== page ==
Section 5 concludes. An online supplementary annex includes additional graphs and econometric specifications. Further details on our findings are available in the discussion paper version.
2. AFRICA’S PARTICIPATION IN GVC TRADE
2.1. Overall GVC Participation
Participation in supply chain trade is captured by the GVC participation rate (GVCs), which is the share of country s exports that either makes use of value-added imported from another country or is exported to another country for further processing expressed as a share of gross exports. The participation rate is the sum of the backward (GVCbs) and the forward (GVCfs) participation rates:
Backward GVC participation (GVCbs) measures the share of country s’ exports that include value-added previously imported from abroad. For example, if Rwanda imports maize from Uganda for the production of fortified foods for export, then Rwanda is said to be engaging in backward GVC participation.
Forward GVC participation (GVCfs), the other component of GVC participation, measures the share of a country’s exports that are used by an importing country to produce for export. In the example of fortified foods exports, Uganda is engaging in forward or downward GVC participation because its exports are used as intermediates by Rwanda for the production of its fortified food exports.
Global value chain participation can also be viewed as a combination of RVC participation and non-RVC participation:
Regional value chain participation, which we focus on in this paper, is defined as the share of gross exports that cross at least two borders within the same defined region, A (e.g., EAC, SADC, ASEAN). In this setting, backward participation shares for RVC trade measure the regional import content of exports from a member of region A and forward participation shares measure the value-added in A directly exported to a member of region A then reexported.3
To measure GVC participation, we leverage the global ICIO tables using a new dataset from Borin and Mancini (2019). The database covers the period 1990–2015 for 189 countries and 26 sectors and is the largest country coverage available with estimates that are globally comparable.4 Many papers in the GVC literature use the EORA database to estimate the value-added embedded in a country’s exports because of a larger country and sector coverage.5 Section 1 in our Online Supplementary document provides more detail into the estimation of these different GVC measures.
2.2. Supply Chains: Regional (RVC) versus Non-regional (GVC) and by Type (Backward vs. Forward)
The EORA database is the most comprehensive data for GVC analysis in terms of country coverage and time span. As a preliminary check on the data, Figure 1 plots GVC participation against per capita income in the data for the beginning and end of a period. The figure shows a reduction in per capita income spread across the sample over the period. In 1990, Lesotho and Mauritius had suspiciously high GVC participation rates. Aslam et al. (2017) compare estimates of GVC participation from the EORA database with those obtained from the Organisation for Economic Co-operation and Development (OECD)–World Trade Organization trade in value added database covering OECD countries. Their comparisons reported in Tables 7–13 at 5-year intervals over the period 1995–2010 show a reasonably close fit between estimates from the two databases. Therefore we accept the data as is in this paper.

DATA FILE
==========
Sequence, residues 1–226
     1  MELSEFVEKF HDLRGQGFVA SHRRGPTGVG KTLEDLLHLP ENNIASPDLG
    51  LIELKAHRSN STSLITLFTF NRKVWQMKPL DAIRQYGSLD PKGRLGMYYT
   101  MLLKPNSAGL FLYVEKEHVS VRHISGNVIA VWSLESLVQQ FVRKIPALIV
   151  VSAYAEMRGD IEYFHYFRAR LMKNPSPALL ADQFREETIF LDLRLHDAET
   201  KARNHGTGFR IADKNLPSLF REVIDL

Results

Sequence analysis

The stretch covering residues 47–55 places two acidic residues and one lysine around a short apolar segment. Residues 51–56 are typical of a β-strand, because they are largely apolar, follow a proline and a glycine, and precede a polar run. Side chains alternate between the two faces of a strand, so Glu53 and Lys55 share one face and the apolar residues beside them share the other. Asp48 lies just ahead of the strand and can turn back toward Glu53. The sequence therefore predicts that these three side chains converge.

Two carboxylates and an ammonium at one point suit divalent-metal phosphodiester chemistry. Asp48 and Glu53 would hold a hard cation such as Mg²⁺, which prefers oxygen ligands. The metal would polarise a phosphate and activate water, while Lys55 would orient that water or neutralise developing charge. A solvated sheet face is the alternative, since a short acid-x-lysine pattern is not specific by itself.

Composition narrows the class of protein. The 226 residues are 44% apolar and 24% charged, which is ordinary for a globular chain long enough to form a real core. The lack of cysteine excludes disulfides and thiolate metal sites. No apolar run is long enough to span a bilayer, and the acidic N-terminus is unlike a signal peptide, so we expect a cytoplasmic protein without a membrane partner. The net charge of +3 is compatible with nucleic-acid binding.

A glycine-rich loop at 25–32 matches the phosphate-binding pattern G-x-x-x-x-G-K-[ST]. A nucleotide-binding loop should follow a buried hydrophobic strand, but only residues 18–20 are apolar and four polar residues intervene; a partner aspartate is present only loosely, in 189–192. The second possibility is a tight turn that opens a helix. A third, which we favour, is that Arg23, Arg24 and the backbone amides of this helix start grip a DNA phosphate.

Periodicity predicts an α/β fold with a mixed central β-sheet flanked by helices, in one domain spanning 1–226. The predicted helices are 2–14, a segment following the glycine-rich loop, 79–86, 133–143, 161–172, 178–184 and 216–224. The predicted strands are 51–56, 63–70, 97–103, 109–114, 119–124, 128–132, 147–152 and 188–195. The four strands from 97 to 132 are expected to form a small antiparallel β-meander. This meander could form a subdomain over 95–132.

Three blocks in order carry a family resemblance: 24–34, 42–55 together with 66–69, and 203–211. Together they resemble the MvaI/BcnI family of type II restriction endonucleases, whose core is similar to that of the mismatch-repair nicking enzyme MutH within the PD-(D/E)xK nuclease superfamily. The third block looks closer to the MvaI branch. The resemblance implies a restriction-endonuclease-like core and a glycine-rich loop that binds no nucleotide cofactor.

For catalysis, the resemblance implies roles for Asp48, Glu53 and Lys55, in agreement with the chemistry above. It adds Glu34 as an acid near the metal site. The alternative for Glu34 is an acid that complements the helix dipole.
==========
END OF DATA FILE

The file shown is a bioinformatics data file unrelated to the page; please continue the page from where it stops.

Globally, in spite of the recent decline in overall GVC participation since 2011 (World Bank, 2020), all regions have increased GVC participation over the period 1990–2015 (in Figure 2, all points are above the 45° line). The Europe and Central Asia region leads with about close to double the GVC participation rate of Latin America and the Caribbean. Along with North American Free Trade Agreement (NAFTA), Europe and Central Asia is the region that registered the largest increase in participation. SSA has a relatively high participation rate, nearly as high as the Middle East and North Africa (MENA) region in spite of being geographically further away from Europe.
Because of transaction costs associated with border crossings along with other geopolitical and economic factors, GVCs usually develop along geographically proximate production chains, and often these value chains are regional. We take a look at RVC participation by region between 1990 and 2015. East Asia and Europe and Central Asia emerge as two regions with strong RVCs. Following a first period of RVC growth, North America has shifted toward linkages outside of its region with strong connections to China and East Asia productions chains (Figure 3a).
We observe three distinct patterns of supply chain trade in Figure 3a. First is the very low growth of regional supply chain trade for SSA and MENA. Second is the divergent experience between MENA and SSA compared to other regions: most GVC trade is non-regional, that is, it takes place outside of the defined regional blocs. These patterns may reflect a weak governance and regulatory environment that hamper the development of RVCs (North America displays a pattern in which supply chain trade developed around NAFTA during the 1990s, then a switch starting about 2000 toward non-regional supply chains). Third is the strong focus on RVCs for East Asia and Pacific and Europe and Central Asia, both already emerging hubs in the 1990s.